Training in Holiness

Holiness doesn’t just happen. We need to be intentional about our faith and work to grow into the person God is calling us to be. And that comes with challenges. St. Paul compares our spiritual life to running a race, and if you want to run a race well you need to train. The same is true for holiness. We need to train in order to grow and reach our goal, which is heaven.

To share some tips on how to train in holiness, Fr. Sam Martin, a priest in the Diocese of LaCrosse, WI, stopped by The Inner Life® recently. He pointed out that, unlike training for a race, training in holiness is not simply a matter of the number of rosaries we pray, or the amount of hours we put in at the adoration chapel. Holiness is about our relationship with Christ.

Fr. Martin advised, “The best place to start, of course, is Jesus – the alpha and the omega, the beginning and the end of all things, the truth that will set us free. Being in a relationship with Him, that’s what awakens in us a desire. What is holiness but to live the life of our Lord?”

“As we come to know Him, not just in our head but in our heart, we want to live like Him. And then holiness is something that is not just a seven-point plan or a method, but it’s a relationship. It’s a friendship that Jesus extends to us.”

But if holiness is simply about loving God, why would we need to train? Fr. Martin pointed out that in St. Paul’s letter to Timothy he says that all Scripture is inspired by God, and it is useful for teaching, for training, and for righteousness.

“So the training is indispensable to becoming like Jesus. It’s a long life of formation,” said Fr. Martin.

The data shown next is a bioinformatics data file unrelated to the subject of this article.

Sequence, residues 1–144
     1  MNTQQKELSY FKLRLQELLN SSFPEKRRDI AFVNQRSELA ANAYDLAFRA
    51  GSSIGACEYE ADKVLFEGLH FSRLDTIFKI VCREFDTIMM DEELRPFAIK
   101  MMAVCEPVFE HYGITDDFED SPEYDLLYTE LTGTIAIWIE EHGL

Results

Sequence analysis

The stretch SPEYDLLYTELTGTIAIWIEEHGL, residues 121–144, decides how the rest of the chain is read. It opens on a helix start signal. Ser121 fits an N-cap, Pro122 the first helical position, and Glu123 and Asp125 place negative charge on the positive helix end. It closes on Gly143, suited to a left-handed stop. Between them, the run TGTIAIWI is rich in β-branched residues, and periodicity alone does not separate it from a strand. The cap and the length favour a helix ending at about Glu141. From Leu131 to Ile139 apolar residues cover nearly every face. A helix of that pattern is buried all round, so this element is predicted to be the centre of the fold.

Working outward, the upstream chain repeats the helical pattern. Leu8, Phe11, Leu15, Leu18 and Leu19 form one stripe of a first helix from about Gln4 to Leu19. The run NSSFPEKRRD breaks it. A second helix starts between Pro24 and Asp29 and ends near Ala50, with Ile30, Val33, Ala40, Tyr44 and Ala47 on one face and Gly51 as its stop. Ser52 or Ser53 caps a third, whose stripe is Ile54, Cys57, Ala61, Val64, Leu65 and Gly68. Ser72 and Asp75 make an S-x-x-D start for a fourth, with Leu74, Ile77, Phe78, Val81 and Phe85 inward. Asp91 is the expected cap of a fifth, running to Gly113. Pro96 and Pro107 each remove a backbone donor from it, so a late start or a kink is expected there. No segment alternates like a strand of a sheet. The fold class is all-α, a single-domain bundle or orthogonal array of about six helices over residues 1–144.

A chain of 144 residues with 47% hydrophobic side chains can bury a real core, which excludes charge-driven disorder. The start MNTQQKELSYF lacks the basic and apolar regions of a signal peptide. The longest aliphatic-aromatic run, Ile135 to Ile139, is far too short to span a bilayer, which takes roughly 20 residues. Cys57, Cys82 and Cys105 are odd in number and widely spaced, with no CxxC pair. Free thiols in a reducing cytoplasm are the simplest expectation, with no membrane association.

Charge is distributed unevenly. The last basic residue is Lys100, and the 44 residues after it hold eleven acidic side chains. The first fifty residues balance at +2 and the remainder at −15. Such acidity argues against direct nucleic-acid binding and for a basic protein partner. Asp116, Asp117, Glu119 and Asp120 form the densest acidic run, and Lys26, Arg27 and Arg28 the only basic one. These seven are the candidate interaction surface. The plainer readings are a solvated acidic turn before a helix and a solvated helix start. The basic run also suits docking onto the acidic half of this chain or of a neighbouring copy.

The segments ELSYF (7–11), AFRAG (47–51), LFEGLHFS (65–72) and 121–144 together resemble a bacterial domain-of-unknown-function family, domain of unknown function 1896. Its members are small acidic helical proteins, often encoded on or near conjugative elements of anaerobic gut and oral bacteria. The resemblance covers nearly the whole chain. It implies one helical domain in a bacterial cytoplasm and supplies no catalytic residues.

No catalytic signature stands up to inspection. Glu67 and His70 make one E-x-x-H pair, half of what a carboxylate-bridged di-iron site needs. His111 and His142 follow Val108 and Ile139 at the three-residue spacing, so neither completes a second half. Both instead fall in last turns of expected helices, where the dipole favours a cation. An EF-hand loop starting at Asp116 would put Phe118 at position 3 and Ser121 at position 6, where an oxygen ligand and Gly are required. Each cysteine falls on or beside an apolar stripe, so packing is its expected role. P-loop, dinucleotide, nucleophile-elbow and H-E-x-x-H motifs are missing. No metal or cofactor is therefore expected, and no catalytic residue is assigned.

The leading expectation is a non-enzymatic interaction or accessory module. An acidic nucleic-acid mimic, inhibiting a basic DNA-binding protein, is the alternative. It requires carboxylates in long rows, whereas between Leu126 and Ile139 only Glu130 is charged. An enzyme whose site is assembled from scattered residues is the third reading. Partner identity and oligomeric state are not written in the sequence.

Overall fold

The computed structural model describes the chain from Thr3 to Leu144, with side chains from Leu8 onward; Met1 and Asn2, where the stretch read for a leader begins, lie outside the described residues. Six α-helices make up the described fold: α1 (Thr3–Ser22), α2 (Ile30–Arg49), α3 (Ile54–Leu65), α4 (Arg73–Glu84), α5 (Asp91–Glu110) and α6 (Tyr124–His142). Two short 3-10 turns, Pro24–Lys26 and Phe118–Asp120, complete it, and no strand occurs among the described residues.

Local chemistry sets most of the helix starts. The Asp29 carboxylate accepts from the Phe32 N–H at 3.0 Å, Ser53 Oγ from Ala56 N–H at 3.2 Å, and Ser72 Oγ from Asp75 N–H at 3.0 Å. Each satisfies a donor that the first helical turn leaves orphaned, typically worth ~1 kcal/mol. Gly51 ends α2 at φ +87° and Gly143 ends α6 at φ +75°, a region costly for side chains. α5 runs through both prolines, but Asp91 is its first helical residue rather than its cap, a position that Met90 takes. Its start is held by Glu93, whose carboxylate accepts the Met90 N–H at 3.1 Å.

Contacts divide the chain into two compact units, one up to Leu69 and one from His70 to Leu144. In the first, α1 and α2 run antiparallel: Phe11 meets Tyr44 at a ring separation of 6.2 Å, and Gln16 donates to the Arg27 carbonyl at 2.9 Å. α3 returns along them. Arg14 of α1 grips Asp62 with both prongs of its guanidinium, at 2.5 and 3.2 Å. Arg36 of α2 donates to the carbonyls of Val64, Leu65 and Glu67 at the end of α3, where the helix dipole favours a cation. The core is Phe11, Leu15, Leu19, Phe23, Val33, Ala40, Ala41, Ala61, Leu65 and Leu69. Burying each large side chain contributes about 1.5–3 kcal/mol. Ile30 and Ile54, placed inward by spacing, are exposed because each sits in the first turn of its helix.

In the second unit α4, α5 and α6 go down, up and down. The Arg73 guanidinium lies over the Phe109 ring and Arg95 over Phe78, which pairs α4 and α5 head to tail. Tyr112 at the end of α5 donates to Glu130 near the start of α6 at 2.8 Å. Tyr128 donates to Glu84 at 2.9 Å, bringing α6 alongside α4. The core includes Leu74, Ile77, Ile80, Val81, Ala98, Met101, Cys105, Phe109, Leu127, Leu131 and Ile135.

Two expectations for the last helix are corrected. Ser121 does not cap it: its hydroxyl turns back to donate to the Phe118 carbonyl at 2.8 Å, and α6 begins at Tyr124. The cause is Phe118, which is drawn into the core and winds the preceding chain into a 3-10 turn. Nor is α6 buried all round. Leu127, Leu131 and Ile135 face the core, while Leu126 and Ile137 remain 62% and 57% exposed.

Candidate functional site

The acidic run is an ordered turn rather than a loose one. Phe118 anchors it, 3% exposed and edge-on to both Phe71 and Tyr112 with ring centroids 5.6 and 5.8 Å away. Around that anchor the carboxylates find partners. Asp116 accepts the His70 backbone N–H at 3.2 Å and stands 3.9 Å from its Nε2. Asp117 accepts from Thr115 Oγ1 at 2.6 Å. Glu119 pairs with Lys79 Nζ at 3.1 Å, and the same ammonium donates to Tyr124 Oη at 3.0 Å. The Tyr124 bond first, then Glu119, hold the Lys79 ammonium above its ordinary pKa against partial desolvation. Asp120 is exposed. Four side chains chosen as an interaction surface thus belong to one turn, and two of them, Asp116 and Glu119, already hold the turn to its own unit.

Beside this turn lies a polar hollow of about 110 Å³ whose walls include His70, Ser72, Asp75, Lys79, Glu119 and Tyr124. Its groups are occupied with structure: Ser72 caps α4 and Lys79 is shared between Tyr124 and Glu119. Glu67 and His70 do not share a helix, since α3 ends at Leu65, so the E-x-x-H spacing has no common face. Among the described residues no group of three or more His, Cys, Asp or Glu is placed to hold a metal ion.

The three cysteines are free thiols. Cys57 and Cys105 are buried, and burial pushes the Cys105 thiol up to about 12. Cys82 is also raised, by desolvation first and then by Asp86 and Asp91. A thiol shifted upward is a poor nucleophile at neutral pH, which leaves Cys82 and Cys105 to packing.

In order to deepen our relationship with the Lord and grow in holiness, the Church offers many opportunities for formation. This formation helps us overcome challenges in our spiritual life so that we can be more and more Christ-like in our daily lives.

“We offer more formation, as a counterbalance to those challenges that are just a part of our life now,” said Fr. Martin. “So formation, training in holiness is all about Jesus. As we get to know Him, we want to be like Him. We want to spend time with Him, we want to believe in His love for us, that He really cares about us. And that fortifies, that strengthens us for the many challenges that are part and parcel of our time and place.”

The spiritual life is a beautiful life, but a very difficult one. Not only can it be difficult to grow in holiness, but it can be even more challenging to not regress and become discouraged.

“I think many of us feel like I tried, but I failed. I tried again and I failed again and I gave up,” acknowledged Fr. Martin. “So it takes a very humble person to keep trying. Don’t ever give up, be persistent in prayer. It’s a battle. … The formation that God wants us to begin will help us to be consistent. We’re not going to be perfectly holy by the end of the week or the end of this year. But with God’s help we chip away at it.”

But the paradox of training in holiness is that rather than simply seeing how strong we have become, we recognize more and more how weak we are, and how much we need to rely on God for growth. As St. Paul said in his second letter to the Corinthians, “I will rather boast most gladly of my weaknesses, in order that the power of Christ may dwell with me … for when I am weak, then I am strong.”

Fr. Martin said, “By the end of our life we look back and say, ‘Lord, I wanted to do all of this for you, but somehow you did it for me. It was your gift to me, not my gift to you. And for that I thank you.’ And the world is a better place when a person lives like that.”

Listen to the full conversation below and tune-in to The Inner Life weekdays at noon Eastern/9:00 a.m. Pacific on Relevant Radio® and the Relevant Radio App.